Dan and Lu's Travels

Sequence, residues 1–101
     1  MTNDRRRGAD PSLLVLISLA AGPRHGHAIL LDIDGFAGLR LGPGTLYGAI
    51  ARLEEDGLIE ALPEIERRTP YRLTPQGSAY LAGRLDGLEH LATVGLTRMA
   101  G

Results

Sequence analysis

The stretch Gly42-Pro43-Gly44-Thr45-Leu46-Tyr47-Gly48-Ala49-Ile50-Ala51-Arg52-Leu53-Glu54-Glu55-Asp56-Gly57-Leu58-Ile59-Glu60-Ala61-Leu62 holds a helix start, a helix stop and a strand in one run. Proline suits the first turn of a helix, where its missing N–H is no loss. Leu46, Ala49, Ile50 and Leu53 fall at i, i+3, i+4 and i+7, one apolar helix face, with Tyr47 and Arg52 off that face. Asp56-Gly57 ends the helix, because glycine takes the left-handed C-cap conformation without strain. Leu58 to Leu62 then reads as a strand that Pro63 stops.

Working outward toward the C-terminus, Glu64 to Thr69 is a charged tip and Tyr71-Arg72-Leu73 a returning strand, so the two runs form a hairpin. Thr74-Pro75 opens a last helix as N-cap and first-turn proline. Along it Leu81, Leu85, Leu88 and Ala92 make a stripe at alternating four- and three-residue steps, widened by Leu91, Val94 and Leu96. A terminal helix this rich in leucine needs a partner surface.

The bikes were waiting for us at our hotel at 9am. I didn't even have time to get worried because I sat down and we were off down the alley and into the moring traffic madness (Sunday isn't quieter). I was hanging on to the driver's jacket at this point. We were weaving in and out of the traffic and beepong the horn and all I could think about and look at was the tiny spaces we were getting through and the hundreds of other bikes and cars and buses. I'd read an article in a Vietnam tourism magazine that 'explained' the rules of the road. These included: 'Red traffic lights seem only to be advisory', 'The man with the two full size fridges on the back of his bike is NOT going to stop at a red light'(htis happens!), 'ride with a finger pressed almost continuously on the horn as this is easier than obeying the rules' and ' Its quite reasonable to go the wrong way up a one way street'. So you can imagine why I was nervous. having said all that, after 15 mintues when we into the countryside I relaxed a bit and started to enjoy the scenery. We rode by miles and miles of rice paddies, with lots of people working in the fields, then turned down a muddy path that followed a river lined with little houses and people on boats. We stopped by a small village market where there was a gorgeous wooden covered bridge dating from 230 years ago. The on to Tu Niem pagoda where we watched the monks praying and singing. After the ceremoney had apparantly finished, our guide took us into a courtyard where a novice monk (boys, who have a shaved head apart from some hair at the very front) was chanting while holding up a cup of rice to the sky - thanks for food. It was mesmerising. Back on the bike to Ngu Bina hill, which has bunkers used by the French when they were fighting. From here there were amazing views over the Perfume River ( so called because of the flowers that grow on it's banks) and to the surrounding forested mountains, used in the American war for bunkers etc. The we rode to Tu Duc's tomb, passing through a cluster of houses which had hundreds of bouquets of different coloured incense sticks laid on the ground. Absolutley beautiful and the smell was intoxicating. This is one of the main things you notice on a bike; the smalls of the fields, the rivers, the flowers and herbs growing etc. Being on a bike, while it is the Vietnamese way to travel, also sums up the country in the variety of aromas you come acrosswhile riding. Vietnam sometimes feels like one big kitchen, especially with people cooking food on the streets and all the open markets. So many smells. We spent an hour at the tomb site of Tu Duc (Emporer of the Nguyen dynasty between 1848-83). He used it before, and obviously after, his death. The place is very serene, with lakes and trees and gorgeous buildings housing his and some wives' tombs. He had 104 wives and mnay concubines..... We hen stopped and took a quick picture of Minh Mang's tomb (had to have this, just for the name Helen!) Then to Thien Mu pagoda, which is where the first monk to set himself alight in protest to the Vietnam war was from. (1963). The car that he drove himself to Saigon in and is in the press photos is there too, which I thought was a bit tacky but a cool car. Brilliant tour, and now I'm not scared of bikes!